The east is also an ideal location for a growing child because it is bright, positive, and active. It encourages imaginative play and stimulates mental development. At the same time, the liveliness of the east may need to be moderated to calm the environment for sleep. The east is a combination of water and wood elements. Therefore, the best colors for this sector are soft blues and greens, which are peaceful and calming. For the walls, use something light in tone. Be creative with soft furnishings (i.e. flowered designs on covers or rugs). Bright solid colors may be used in small quantities. Avoid geometric, angular, checkered, and striped patterns.

    A child’s room often has to function as a playroom as well as a bedroom, so the challenge is to make it fun during the day and peaceful at night. The primary colors of yellow, red, orange, and cobalt blue are too stimulating for a bedroom. Black is not suitable either. Bright blue and green are okay in small quantities but need to be balanced with softer shades. Children’s rooms should be decorated with soothing colors to make them cozy and calming—soft shades of blue, green, yellow, gray, lilac, or pale purple.

    Children generally enjoy more energetic surroundings than adults, so some bright colors and pictures depicting movement are okay. But for an overly active child, try to create a more peaceful environment. Objects with hostile themes (swords, wild animals, army toys, battle scenes) and high-energy objects (televisions, radios, sports posters, exercise equipment) should be avoided. Computers and other electronic equipment don’t belong in the bedroom, either. Glass and mirrors reflect and speed up energy, while fabric coverings absorb and slow down energy.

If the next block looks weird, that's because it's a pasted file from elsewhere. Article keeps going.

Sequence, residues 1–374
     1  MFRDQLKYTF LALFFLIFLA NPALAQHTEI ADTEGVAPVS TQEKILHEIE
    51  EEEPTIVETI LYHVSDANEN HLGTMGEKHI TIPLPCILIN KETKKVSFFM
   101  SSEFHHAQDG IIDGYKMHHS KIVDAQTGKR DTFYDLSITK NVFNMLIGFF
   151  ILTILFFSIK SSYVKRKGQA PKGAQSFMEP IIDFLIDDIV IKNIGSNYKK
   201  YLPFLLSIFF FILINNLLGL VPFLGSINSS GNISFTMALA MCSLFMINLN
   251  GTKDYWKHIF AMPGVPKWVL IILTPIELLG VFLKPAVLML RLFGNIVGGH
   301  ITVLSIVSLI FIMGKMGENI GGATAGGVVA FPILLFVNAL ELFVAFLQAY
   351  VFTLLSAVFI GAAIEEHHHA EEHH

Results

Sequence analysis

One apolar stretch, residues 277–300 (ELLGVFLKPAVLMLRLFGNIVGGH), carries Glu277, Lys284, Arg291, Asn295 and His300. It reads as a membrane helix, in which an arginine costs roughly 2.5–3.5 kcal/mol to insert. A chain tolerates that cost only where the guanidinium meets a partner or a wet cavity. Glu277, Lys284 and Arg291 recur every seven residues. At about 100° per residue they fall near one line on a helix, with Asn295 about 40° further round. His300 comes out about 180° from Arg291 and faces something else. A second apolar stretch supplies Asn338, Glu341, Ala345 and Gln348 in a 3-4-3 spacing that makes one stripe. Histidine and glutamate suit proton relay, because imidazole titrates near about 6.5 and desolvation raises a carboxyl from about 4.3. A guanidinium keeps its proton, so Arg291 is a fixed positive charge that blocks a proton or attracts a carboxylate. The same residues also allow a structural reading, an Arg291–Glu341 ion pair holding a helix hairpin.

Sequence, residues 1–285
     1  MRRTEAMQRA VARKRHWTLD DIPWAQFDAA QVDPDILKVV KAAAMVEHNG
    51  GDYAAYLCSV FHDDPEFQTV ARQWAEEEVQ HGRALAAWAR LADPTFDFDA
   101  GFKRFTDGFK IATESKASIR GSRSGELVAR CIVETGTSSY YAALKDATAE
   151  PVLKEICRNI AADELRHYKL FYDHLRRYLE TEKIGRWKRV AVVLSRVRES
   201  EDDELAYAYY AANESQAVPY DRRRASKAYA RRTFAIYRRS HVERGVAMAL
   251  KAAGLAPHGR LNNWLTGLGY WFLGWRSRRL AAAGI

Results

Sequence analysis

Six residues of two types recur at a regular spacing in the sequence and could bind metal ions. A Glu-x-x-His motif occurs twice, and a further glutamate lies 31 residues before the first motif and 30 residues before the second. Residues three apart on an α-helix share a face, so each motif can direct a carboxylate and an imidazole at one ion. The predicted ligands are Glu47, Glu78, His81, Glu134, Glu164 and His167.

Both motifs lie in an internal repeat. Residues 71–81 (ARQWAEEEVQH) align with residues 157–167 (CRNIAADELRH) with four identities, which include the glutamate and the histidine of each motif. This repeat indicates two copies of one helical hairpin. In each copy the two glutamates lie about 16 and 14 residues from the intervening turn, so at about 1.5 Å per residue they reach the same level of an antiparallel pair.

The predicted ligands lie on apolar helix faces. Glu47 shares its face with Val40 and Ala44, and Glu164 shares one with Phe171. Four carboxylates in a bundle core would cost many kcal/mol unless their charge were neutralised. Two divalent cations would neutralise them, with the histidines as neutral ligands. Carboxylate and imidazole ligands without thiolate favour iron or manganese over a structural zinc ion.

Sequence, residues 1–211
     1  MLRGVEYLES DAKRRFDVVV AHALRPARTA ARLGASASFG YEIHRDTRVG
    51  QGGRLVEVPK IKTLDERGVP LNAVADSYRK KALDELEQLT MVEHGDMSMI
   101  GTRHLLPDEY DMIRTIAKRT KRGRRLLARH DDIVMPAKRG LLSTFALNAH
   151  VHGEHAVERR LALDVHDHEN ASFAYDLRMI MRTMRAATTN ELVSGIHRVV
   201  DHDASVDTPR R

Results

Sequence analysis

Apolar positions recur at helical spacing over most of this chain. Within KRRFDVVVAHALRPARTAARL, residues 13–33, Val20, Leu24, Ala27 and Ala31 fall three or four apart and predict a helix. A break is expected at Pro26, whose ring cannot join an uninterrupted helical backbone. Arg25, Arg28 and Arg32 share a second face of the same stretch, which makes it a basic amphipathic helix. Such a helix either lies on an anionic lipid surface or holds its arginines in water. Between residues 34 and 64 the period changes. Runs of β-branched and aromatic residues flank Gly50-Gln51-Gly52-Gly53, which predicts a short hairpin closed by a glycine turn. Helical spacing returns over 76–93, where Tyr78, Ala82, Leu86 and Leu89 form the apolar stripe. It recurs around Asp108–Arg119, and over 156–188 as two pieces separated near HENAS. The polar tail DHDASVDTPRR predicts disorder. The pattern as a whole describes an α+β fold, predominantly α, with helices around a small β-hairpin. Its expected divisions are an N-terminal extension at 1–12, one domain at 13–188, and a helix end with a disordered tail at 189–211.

Choose positive images to suit the child’s needs. Star and cloud motifs are good. Children's toys and artwork energize the west. Mobiles can be hung in a child’s room (metal and bright colors in the west; soft fabric pastels in the east), but never hang them directly over the bed. Wood is ideal for toys because it is a natural material, warm and pleasing to the touch. Use wall lights instead of table or floor lamps. Try illuminating the west side of the house with bright lights; it is said that this will ensure obedient children. If a child is irritable or unmanageable, add some greenery such as a live plant to his or her room.

    Shapes should be circular or rounded. Natural wood floors are good. Fabric blinds that can be put up and down are useful in both daytime and nighttime. Beds should never be placed under a window, and you should be able to see the door of the room from the bed. Exposed bookshelves facing or behind beds should be avoided. East or southeast are the most favorable positions for the head of the bed. Beds should be cozy and inviting, with bed coverings of natural fibers. Bunk beds are okay.

    Children’s rooms should be sparsely furnished. Avoid bulky furniture, which can make the space seem confining. If more than one child shares a room, see that they each have a place to call their own. It could be a shelf, a drawer, a storage unit, or a small desk. Keep bedrooms tidy and get rid of outgrown items. There shouldn’t be clothing in heaps, or piles of stuff sitting on the floor. Games, toys, collections, etc. should be hidden within cabinets or behind closed closet doors. Everything has to be put away at night, to bring peace to the room for a more restful sleep.